Huge win for car owners! All TSBs to be made public. The Center for Auto Safety just made the NHTSA (US Government) make public the full text of all TSBs from now on. They are the same organization that has petitioned the NHTSA & filed lawsuits to protect car owners over exploding gas tanks & other major safety issues. Whenever you drive in your car, you are safer thanks in part to a lot of work over the years by this small but very effective consumer advocacy group.

Please take a moment & say thank you by donating $5 or whatever you can to the Center for Auto Safety. Notes: The 2003 Ford Explorer one of our worst vehicles on record. "Avoid like the plague" is putting it lightly.

The 2002-2005 Explorer has a very well-established record of expensive transmission failure at under 100k miles. The Explorer has an enclosed transmission which is typically replaced with a rebuilt transmission at a cost of almost $3,000.

Another common problem for the 2002-2003 Explorer is wheel bearing failure at around 90k miles, with a typical repair bill of $500 to $1000 depending on how many wheel bearings failed.

Adding insult to injury, the 2002-2005 Explorer also has a massive problem with the rear panel cracking. While it's a minor annoyance compared to transmission failure, ironically the crack usually goes right through the Ford logo.


really awful
Crashes / Fires:
1 / 0
Injuries / Deaths:
0 / 1
Average Mileage:
0 miles

About These NHTSA Complaints:

This data is from the NHTSA — the US gov't agency tasked with vehicle safety. Complaints are spread across multiple & redundant categories, & are not organized by problem.

So how do you find out what problems are occurring? For this NHTSA complaint data, the only way is to read through the comments below. Any duplicates or errors? It's not us.

2003 Ford Explorer accessories - interior problems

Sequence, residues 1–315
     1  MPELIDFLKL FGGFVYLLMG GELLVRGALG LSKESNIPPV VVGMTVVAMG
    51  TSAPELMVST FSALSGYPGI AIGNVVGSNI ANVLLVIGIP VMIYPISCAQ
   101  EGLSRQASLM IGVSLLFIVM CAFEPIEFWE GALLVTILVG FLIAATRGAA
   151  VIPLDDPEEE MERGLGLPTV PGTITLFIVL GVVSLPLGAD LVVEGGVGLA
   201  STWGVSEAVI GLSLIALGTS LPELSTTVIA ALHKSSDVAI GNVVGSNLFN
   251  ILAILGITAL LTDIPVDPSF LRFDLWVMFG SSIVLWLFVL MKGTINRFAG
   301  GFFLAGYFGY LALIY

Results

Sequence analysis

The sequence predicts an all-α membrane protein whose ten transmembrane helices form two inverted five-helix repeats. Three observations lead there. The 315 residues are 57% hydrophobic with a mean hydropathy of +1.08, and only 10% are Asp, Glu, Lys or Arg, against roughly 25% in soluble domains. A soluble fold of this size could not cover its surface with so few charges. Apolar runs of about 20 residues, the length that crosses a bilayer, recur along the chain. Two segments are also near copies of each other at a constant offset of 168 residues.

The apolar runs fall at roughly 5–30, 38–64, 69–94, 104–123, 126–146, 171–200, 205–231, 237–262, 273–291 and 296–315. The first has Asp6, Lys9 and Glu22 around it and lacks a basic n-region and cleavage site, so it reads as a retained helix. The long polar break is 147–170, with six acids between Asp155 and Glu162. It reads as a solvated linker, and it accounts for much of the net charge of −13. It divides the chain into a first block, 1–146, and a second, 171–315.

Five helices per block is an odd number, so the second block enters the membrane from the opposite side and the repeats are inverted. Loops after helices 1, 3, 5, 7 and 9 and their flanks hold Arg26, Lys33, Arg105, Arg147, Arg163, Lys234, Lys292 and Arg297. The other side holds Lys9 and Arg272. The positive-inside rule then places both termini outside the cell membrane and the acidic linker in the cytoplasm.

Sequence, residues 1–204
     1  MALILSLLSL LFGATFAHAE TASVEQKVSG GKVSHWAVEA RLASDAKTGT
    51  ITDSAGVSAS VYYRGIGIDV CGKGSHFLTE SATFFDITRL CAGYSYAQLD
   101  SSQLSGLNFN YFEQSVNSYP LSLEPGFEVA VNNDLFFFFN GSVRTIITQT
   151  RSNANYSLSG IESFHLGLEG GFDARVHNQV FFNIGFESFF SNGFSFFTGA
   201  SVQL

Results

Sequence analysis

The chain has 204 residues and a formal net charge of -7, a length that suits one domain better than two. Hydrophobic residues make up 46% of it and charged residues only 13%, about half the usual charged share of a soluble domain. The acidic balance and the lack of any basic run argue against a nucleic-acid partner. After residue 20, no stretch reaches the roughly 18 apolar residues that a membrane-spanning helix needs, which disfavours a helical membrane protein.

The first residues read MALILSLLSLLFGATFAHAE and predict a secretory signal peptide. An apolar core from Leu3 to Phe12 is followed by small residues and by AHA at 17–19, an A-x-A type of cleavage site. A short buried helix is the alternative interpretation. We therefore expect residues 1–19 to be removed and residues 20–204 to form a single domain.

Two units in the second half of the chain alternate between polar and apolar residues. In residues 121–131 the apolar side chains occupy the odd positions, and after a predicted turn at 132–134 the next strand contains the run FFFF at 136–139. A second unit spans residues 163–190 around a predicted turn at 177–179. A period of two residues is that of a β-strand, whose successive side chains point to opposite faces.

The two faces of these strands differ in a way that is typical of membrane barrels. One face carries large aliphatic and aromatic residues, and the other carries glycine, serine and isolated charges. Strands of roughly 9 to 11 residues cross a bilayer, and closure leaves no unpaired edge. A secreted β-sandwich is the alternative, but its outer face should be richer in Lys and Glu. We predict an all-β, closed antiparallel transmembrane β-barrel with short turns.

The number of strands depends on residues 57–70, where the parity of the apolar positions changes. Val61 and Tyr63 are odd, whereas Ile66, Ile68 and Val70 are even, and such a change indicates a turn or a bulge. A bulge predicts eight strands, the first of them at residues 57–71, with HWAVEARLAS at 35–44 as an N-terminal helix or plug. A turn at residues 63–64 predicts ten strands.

accessories - interior problem

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2003 Ford Explorer Owner Comments

problem #1

Apr 232006


  • miles


I was following up on the death of a 1 month that was ejected from a cosco child seat in a motor vehicle train accident. While following up on the death, I was looking at photographs of the vehicle from the investigating Agency. I noticed there were no photographs of the car seat or the passenger side of the vehicle where the train had struck the vehicle. I went to the impound lot where the vehicle was stored and met the father of the deceased child. He was collecting property from the inside of the vehicle. He showed me a stroller and the car seat. The stroller had been ejected from the vehicle and was damaged and the car seat was still inside the vehicle. This car seat and stroller are sold as a set from K-mart and had been purchased in November of 2005 in hutchinson Kansas. Upon looking at the car seat which was rear facing in the vehicle and still strapped in the vehicle by the seat belt. I was informed by the captain of the sheriff's department that one of their officers trained to install child safety seats said the seat was not installed properly. My concern of the accident was that the strap that would have gone over the right shoulder of the child was completely undone from the latch on the back of the child safety seat. The strap on the left shoulder was almost completely undone and I photographed the routing of the strap before removing the seat from the vehicle. The owner of the seat gave me the following information off of the seat. Model # 22-300-swb; 11/10/04 gbib. Reg no pa-25334(cn) permit # 1780-333 dorel juvenile group Inc. From the impact of the train to the passenger side rear 1/4 panel of the 20-03 Explorer, the child was ejected from the child seat and died 3 hrs later from head injuries. From the investigation, I believe there may be a problem with the latching and holding ability on the back of the child safety seat.

- Hutchinson, KS, USA

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